Whittingham places his faith in Johnson
Jordan Wynn looked around, making sure Brian Johnson was close enough to hear every word before launching into a mock tirade about the horrors of working with Utah's new quarterback coach.
His joking approach to answering the question illustrated that even as a sophomore-to-be, Wynn is feeling comfortable as an established QB. And Wynn having a 23-year-old position coach is creating a new dynamic in a critical relationship.
I'm having trouble picturing Wynn publicly kidding Dave Schramm, in other words.
Johnson becoming the Football Bowl Subdivision's youngest full-time coach is a major statement for coach Kyle Whittingham. As the Utes practice in Whittingham's sixth spring, he recognizes that quarterback is as important as cornerback. That's saying something. In Utah's high-pressure, man-to-man defensive scheme, the corners are the key to the whole operation.
When offensive coordinator Andy Ludwig left after the 2008 season, Whittingham filled the vacancy by hiring J.D. Williams to coach the corners. Yet when Williams moved to UNLV in December, Whittingham made offense a priority by hiring Johnson. Jay Hill's versatility enabled him to move from offense back to defense, coaching the corners again.
Whittingham believes in Johnson, saying he approached him about coaching immediately after graduation. Johnson, who finished his college career in '08 with a school-record 26 victories as a starting QB, initially chose to pursue pro football.
While hiring a quarterback coach with no experience seems like accepting fan-forum advice, it has worked for BYU with Brandon Doman and likely will do the same for Utah. Whittingham also gave former Ute safety Morgan Scalley a job soon after his playing career ended. So Whittingham laughed when I reminded him that everybody should have to spend six years coaching at a place like Idaho State, as he did, before landing a prime position in a Top 25 program. Johnson, who enrolled in the school at 17, "has always been ahead of the curve," Whittingham said.
Somebody's responsibilities had to change as a result of Johnson's hiring. After one season in his dream job of coaching quarterbacks (and seven games of calling the plays) at this level, Schramm is now working with tight ends, and receivers coach Aaron Roderick, promoted to co-offensive coordinator with Schramm, will remain the play-caller.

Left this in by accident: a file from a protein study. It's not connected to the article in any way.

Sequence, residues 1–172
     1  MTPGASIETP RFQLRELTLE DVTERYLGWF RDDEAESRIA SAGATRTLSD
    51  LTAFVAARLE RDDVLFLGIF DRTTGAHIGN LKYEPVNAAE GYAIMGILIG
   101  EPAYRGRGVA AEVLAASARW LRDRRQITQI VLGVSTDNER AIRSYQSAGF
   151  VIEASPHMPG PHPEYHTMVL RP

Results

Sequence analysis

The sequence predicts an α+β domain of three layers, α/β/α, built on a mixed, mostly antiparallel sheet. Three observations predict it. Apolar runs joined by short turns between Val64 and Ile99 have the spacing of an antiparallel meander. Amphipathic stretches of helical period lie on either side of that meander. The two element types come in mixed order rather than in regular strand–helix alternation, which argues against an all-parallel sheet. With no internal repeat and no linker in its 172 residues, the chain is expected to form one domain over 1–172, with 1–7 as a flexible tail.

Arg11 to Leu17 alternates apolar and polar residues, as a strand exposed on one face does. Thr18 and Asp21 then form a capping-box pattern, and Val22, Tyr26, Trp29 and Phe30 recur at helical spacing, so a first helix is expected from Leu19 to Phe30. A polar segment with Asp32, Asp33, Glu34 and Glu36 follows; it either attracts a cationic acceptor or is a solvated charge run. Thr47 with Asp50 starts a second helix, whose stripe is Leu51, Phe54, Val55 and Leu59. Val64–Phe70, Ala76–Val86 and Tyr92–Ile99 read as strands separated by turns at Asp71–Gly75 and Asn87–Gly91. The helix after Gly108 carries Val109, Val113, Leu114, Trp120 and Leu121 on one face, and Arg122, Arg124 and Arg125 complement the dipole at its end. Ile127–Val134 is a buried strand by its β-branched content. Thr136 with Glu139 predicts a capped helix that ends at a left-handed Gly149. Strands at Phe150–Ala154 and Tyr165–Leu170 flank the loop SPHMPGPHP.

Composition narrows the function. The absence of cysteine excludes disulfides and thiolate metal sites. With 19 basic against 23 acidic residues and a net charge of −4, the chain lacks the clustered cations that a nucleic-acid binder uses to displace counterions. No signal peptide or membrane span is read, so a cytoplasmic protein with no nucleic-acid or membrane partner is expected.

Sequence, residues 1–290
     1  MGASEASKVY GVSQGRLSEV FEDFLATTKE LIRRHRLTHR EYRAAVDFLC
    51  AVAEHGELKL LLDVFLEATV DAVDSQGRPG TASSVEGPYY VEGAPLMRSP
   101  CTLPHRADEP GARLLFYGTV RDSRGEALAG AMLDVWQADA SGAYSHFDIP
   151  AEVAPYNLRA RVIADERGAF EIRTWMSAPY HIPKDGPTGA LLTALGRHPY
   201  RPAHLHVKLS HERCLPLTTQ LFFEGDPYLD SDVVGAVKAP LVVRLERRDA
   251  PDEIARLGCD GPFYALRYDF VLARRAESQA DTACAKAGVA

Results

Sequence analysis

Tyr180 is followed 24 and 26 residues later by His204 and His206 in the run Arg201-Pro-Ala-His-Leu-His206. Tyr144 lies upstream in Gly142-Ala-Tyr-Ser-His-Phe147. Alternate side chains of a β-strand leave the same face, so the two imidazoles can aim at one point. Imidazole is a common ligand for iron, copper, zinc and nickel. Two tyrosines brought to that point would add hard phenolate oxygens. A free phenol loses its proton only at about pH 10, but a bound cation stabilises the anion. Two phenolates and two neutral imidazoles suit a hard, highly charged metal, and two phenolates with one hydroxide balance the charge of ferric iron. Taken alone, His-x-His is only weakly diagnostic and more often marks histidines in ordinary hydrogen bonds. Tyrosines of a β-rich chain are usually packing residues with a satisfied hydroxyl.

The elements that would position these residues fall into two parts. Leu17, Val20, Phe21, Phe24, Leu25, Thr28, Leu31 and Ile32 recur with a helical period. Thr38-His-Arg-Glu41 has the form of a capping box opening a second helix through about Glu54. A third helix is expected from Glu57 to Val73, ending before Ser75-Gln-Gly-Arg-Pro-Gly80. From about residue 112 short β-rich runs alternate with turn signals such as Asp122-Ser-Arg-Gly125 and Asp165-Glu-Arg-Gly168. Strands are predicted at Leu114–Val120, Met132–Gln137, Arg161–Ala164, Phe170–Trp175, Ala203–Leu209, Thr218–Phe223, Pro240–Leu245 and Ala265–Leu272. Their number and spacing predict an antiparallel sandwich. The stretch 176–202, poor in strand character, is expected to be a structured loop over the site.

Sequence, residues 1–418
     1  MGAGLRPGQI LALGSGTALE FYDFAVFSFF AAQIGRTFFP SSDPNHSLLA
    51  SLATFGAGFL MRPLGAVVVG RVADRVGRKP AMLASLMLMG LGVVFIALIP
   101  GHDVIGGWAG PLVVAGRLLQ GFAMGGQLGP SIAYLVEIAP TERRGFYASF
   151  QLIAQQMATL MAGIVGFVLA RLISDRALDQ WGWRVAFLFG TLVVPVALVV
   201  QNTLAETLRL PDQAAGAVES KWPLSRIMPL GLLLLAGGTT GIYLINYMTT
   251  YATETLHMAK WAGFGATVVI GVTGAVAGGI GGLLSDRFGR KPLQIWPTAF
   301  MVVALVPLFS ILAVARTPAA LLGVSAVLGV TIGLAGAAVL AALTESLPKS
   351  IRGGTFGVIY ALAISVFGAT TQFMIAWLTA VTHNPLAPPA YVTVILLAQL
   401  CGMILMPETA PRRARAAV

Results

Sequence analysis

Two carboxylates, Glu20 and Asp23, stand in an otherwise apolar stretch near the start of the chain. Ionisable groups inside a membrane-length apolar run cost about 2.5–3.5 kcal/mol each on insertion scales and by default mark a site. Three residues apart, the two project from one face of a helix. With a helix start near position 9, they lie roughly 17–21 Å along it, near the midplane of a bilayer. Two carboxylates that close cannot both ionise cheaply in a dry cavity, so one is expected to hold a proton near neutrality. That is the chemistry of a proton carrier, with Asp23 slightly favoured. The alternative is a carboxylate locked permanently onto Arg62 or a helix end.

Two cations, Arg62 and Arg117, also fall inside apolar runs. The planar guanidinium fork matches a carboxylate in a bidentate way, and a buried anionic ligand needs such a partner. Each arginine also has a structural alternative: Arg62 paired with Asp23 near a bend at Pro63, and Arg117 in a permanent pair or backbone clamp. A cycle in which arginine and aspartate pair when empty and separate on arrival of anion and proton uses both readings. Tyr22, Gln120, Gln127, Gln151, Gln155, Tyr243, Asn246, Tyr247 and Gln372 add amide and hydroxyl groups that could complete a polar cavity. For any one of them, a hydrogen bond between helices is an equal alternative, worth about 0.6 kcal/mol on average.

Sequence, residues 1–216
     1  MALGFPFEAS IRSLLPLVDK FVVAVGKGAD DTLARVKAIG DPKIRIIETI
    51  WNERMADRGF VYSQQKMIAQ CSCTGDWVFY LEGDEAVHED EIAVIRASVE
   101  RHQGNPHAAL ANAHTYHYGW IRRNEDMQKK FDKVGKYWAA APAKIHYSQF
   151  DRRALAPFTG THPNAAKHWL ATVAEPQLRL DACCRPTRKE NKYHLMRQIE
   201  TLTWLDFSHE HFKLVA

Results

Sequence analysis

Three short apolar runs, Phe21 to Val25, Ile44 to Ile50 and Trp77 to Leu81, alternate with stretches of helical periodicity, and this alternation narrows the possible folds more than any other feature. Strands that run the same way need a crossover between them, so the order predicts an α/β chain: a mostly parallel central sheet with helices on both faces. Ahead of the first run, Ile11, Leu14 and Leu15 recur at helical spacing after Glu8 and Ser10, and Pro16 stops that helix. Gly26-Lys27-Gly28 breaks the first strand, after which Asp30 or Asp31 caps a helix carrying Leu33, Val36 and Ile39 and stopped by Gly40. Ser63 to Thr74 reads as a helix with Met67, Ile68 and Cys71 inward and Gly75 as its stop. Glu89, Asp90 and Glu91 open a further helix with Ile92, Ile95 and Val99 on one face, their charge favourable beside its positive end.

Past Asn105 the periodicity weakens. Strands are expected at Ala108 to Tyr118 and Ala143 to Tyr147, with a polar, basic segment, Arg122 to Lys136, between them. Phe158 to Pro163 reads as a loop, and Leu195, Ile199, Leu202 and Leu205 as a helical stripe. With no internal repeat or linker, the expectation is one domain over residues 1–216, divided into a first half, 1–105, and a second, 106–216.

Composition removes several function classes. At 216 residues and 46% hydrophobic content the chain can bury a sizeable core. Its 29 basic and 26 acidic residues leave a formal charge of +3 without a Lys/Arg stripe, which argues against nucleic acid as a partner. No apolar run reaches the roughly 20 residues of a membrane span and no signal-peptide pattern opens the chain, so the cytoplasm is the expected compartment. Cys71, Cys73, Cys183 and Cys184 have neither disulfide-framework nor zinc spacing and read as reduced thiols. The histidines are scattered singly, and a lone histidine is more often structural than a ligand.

"It's tough to be a coordinator and give the quarterback the attention that he needs," Whittingham said. "This year, I think the configuration is better for that."
Amid the staff issues and the switch from Terrance Cain to Wynn at halftime of the eighth game, the Utes still ranked third in the Mountain West Conference in total offense at 393 yards a game. If a rebuilt receiving corps comes along and Wynn keeps developing under Johnson's guidance, Utah should be more effective.
"He's a young guy with a lot of excitement, and he's doing all he can to make me great," Wynn said.
That process begins at the end of games, when Johnson excelled. The Utes won four one-score games in Johnson's unbeaten senior season, highlighted by three winning drives in the final minutes.
In his five starts, Wynn faced critical sequences only once. "The BYU game comes to mind," said Johnson, who wants to help him become "a master of situational football."
In moving from player to coach, Johnson is glad to have a one-year buffer, with receiver Jereme Brooks and tailback Matt Asiata the only remaining players among '08 offensive regulars. Aside from Wynn's progress, Johnson's biggest success this spring may be the way Cain keeps competing as a deposed starter, earning praise from Whittingham. Griff Robles is the No. 3 quarterback.
"I'm responsible for the production of that position," Johnson said. "It's something I take great pride in, and I have a great relationship with all three of those guys."
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